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let it bomb, let it bomb, let it bomb

Blizzard blanketing East Coast likely to become bomb cyclone

The first major blizzard to hit the region in four years struck the northeastern United States Friday night. By Saturday afternoon, up to two feet of snow had blanketed Boston in what AccuWeather predicted could turn out to be the biggest snowstorm ever to hit the city; over 80,000 Massachusetts homes were without power; and airlines had canceled more than 5,000 U.S. flights, BBC reported.

Amtrak service along the Boston-to-Washington corridor was suspended or limited, and five states declared emergencies. Wind gusts of up to 75mph lashed parts of the coast.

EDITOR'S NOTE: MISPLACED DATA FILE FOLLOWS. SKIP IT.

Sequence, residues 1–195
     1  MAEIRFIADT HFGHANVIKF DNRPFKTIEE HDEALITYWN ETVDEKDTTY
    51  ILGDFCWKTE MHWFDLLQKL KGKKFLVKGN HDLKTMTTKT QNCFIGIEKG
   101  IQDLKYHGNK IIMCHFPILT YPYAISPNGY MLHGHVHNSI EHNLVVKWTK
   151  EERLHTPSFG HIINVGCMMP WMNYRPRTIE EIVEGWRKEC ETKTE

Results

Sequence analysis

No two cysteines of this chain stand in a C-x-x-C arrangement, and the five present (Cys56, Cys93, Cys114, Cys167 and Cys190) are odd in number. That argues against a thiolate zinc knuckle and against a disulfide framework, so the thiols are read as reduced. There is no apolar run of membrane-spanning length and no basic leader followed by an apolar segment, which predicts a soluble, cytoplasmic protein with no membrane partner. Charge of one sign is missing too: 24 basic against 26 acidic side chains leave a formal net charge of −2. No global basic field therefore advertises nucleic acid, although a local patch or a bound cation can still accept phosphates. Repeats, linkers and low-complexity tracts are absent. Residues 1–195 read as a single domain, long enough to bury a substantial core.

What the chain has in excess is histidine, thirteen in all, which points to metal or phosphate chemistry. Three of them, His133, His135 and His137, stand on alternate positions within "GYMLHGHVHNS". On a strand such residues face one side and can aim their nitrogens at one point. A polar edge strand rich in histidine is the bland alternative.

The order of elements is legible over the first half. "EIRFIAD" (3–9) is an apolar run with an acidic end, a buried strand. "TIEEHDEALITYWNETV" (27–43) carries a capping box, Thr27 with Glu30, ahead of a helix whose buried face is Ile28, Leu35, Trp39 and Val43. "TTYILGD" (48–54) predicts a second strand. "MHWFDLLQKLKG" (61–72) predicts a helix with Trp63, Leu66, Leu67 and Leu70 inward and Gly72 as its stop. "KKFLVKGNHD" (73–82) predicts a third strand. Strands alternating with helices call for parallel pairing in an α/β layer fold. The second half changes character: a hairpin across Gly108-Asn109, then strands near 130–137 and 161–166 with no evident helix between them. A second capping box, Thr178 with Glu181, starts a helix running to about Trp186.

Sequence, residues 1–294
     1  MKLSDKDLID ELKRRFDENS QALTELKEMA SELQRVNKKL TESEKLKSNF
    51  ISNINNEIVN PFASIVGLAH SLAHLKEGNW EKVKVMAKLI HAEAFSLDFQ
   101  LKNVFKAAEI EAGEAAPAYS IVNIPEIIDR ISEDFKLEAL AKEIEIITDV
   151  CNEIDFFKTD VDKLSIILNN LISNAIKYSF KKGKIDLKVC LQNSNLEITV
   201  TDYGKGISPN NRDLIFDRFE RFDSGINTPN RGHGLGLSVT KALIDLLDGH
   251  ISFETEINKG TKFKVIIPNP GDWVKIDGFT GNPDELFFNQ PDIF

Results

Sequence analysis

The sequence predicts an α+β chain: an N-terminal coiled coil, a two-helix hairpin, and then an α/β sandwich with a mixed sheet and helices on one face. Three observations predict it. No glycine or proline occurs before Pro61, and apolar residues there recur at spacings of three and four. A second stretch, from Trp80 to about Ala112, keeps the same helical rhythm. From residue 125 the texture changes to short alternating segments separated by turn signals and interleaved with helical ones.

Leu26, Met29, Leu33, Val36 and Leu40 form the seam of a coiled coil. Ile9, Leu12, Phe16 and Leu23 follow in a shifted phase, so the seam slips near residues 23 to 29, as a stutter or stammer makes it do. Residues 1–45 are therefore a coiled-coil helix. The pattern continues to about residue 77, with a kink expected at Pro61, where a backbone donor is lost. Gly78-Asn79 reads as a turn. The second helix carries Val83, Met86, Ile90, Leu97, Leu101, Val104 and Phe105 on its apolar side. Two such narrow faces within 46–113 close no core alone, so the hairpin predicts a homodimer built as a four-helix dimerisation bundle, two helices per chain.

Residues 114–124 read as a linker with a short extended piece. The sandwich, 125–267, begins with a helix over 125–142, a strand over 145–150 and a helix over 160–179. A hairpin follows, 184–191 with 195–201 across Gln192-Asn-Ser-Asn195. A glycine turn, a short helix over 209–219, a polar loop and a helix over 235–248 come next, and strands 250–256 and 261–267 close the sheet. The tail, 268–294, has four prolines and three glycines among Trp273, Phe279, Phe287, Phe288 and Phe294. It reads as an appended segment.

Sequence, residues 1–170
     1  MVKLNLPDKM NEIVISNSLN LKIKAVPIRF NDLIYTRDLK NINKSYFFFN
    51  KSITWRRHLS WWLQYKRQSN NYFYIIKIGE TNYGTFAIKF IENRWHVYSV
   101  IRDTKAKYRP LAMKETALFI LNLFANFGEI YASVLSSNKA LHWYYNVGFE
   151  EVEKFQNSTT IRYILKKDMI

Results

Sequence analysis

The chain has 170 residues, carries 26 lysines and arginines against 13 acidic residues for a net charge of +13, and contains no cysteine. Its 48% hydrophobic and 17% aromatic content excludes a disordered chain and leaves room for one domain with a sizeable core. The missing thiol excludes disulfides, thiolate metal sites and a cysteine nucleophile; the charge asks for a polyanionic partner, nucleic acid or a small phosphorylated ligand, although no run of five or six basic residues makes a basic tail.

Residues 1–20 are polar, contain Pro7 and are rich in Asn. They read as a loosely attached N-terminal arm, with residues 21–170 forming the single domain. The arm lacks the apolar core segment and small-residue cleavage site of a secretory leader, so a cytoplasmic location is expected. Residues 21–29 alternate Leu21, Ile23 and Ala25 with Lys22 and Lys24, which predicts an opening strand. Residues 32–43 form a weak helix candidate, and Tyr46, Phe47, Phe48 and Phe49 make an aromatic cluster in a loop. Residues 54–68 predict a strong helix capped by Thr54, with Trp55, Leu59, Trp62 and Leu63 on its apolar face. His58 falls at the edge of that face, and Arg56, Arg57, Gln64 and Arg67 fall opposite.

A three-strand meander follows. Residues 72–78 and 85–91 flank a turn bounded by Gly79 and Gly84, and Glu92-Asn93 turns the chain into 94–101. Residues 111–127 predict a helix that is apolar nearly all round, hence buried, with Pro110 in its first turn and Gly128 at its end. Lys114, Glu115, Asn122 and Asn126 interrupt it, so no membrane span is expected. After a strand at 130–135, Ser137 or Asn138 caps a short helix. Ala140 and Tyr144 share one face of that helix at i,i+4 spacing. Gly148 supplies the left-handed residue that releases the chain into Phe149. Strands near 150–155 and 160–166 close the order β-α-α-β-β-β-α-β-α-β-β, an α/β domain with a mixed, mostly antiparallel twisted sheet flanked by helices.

The National Weather Service in Boston said travel "should be restricted to emergencies only" and that anyone who must travel should prepare for the possibility of becoming stranded, a warning that was echoed up and down the East Coast, The Associated Press reported.

According to Business Insider, "Forecasters said [the storm is] developing bombogenesis conditions ... eventually leading to the formation of a bomb cyclone."

The New York Times explains that "the barometric pressure must drop by at least 24 millibars in 24 hours for a storm to be called a bomb cyclone." The drop in barometric pressure combined with the Earth's rotation create a cyclone that produces a nor'easter — a storm with winds coming from the northeast.

The storm is expected to subside by Sunday morning.